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7th BALKANMINE CONGRESS – Proceedings, Prijedor 2017

DOI: 10.7251/BMC170702051P

3D GEOLOGICAL MODEL OF THE BAUXITE BEARING AREA


CRVENE STIJENE (JAJCE, BOSNIA & HERZEGOVINA)

Ivica PAVIĈIĆ1, Tihomir RADOVAC2, Gordana DELJAK2, Filip CRNOJA2, Ivan


DRAGIĈEVIĆ1
1
Faculty of Mining, Geology and Petroleum Engineering, University of Zagreb, Croatia
2
Rudnici boksita Jajce d.d. Zagreb, Federation of Bosnia and Herzegovina , Bosnia and Herzegovina

ABSTRACT

3D geological models can be very useful in many geological, mining and other engineering activities.
Constructed model should serve as a 3D geodatabase for variety of input data. Study area represents
one of the bauxite bearing sites, Crvene Stijene, near Jajce (Bosnia & Herzegovina). Presented
methodology includes the integration, digitalization, organisation and visualisation of different types
of input data (600 boreholes, geological maps and sections, DEM, structural measurements from the
surface and in the tunnels and adits) in the 3D geological database. In the modeling workflow,
different types of geological objects were modeled with different interpolation algorithms. Used
interpolation algorithm depends on complexity of geological object, character and spatial distribution
of input data. The model is interactive which is important because there are constantly ongoing
research and exploitation activities: boreholes, underground mining objects, etc. that can be easily
imported into the model. 3D geological model represents a basis for planning new scientific research
and mining activity.

Key words: 3D Geological Modelling, Ordinary Kriging, Karst bauxites, Midland Valley Move, Jajce

1. INTRODUCTION

3D geological models represent a solid background, not only for the visualization of
geological data, but also for data acquiring, processing and organising them into the 3D
geodatabase (Wu et al., 2005). The development of the computer industry and software for 3D
geological modelling, introduces the opportunity for their application in solving numerous
geological challenges (modified after Xue et al., 2004; Kaufmann & Martin, 2008).
Planning mining activities for the exploitation of raw mineral resources, requires defined
geological structure of the area, the spatial distribution and geometry of the exploited ore
bodies. Insufficiently geologically explored deposits usually lead to various difficulties in the
design and construction of mining objects (Vanneschi et al., 2014). The consequences can be
a variety of technical and technological problems during construction, such as a threat to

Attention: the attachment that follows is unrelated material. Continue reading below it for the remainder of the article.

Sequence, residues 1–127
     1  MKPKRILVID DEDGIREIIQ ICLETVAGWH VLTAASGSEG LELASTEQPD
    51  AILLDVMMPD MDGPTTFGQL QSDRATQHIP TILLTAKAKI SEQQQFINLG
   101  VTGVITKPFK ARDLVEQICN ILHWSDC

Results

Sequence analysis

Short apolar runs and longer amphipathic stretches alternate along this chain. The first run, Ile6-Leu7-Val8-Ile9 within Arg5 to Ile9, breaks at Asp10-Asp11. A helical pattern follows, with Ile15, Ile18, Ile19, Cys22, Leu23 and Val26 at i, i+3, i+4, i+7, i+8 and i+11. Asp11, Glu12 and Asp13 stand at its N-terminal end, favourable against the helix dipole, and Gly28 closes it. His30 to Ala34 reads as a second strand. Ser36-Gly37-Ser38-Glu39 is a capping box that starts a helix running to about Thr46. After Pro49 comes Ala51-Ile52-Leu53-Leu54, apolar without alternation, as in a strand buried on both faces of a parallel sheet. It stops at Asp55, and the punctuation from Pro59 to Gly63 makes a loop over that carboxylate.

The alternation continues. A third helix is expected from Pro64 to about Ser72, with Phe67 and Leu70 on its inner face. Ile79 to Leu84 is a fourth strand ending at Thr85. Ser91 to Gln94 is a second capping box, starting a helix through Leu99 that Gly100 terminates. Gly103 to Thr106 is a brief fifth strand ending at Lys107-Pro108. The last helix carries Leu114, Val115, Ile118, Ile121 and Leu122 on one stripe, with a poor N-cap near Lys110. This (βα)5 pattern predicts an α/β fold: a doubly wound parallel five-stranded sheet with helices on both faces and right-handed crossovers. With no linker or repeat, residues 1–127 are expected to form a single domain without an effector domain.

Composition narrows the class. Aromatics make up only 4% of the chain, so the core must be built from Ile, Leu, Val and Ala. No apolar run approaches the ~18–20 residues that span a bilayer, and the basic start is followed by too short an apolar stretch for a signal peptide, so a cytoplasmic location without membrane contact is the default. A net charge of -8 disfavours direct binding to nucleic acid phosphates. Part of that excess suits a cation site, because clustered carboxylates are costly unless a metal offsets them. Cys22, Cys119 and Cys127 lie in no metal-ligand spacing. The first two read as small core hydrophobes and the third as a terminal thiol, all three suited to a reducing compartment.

human lives, damage to machinery and a regular increase in the cost of mining object. 3D
geological models of the study area can be a great help in more efficient planning of research
and mining activities, and with enough input data, they can very accurately represent the

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7th BALKANMINE CONGRESS – Proceedings, Prijedor 2017

geological structure of the area (Caumon et al., 2009; Vanneschi, et al., 2014). Models are
especially useful when the ore bodies are in geologically complex settings
This paper presents the methodology for constructing the 3D geological model of the bauxite
bearing area of Crvene stijene (Jajce, Bosnia & Herzegovina) (Fig. 1). Several decades of
research and exploitation of bauxite have provided a large collection of input data: bauxite
footwall and hanging wall stratigraphy, detailed geological maps and sections, detailed
topographic maps, over 600 drilled boreholes and over 10 km of underground mining objects
(adits and tunnels), etc.

Figure. 1. Geographical location of the bauxite bearing area Crvene stijene, Jajce (Bosnia and Herzegovina)
(Paviĉić et al., in prep).

2. GEOLOGICAL SETTINGS

The fundamental stratigraphic and tectonic featuresof the study area weredefinedin a Basic
Geological Map of Yugoslavia, sheet Jajce, 1:100 000 (Marinković & Ahac, 1975),
explanatory notes for the same map, (Marinković & ĐorĊević, 1975), geological maps of
bauxite bearing area Jajce (Dragiĉević, 1981 and Papeš, 1984) and published and unpublished
geological research papers (Dragiĉević, 1987; Tomić, 1983; Dragiĉević & Velić, 1994;
Dragiĉević, 1997; Dragiĉević & Velić,2002 & Dragiĉević & Velić, 2006, etc.). Geological
settings are shown on a geological map in Fig. 2.
The oldest rocks present in the study area are shallow marine, well-layered, and white to grey
limestones of Lower Cretaceous age, which end in Albian shallow marine, white - light grey
to pink limestones. These rocks are footwall to bauxite deposits. The end of the Lower
Cretaceous and the beginning of the Upper Cretaceous on the margin of the carbonate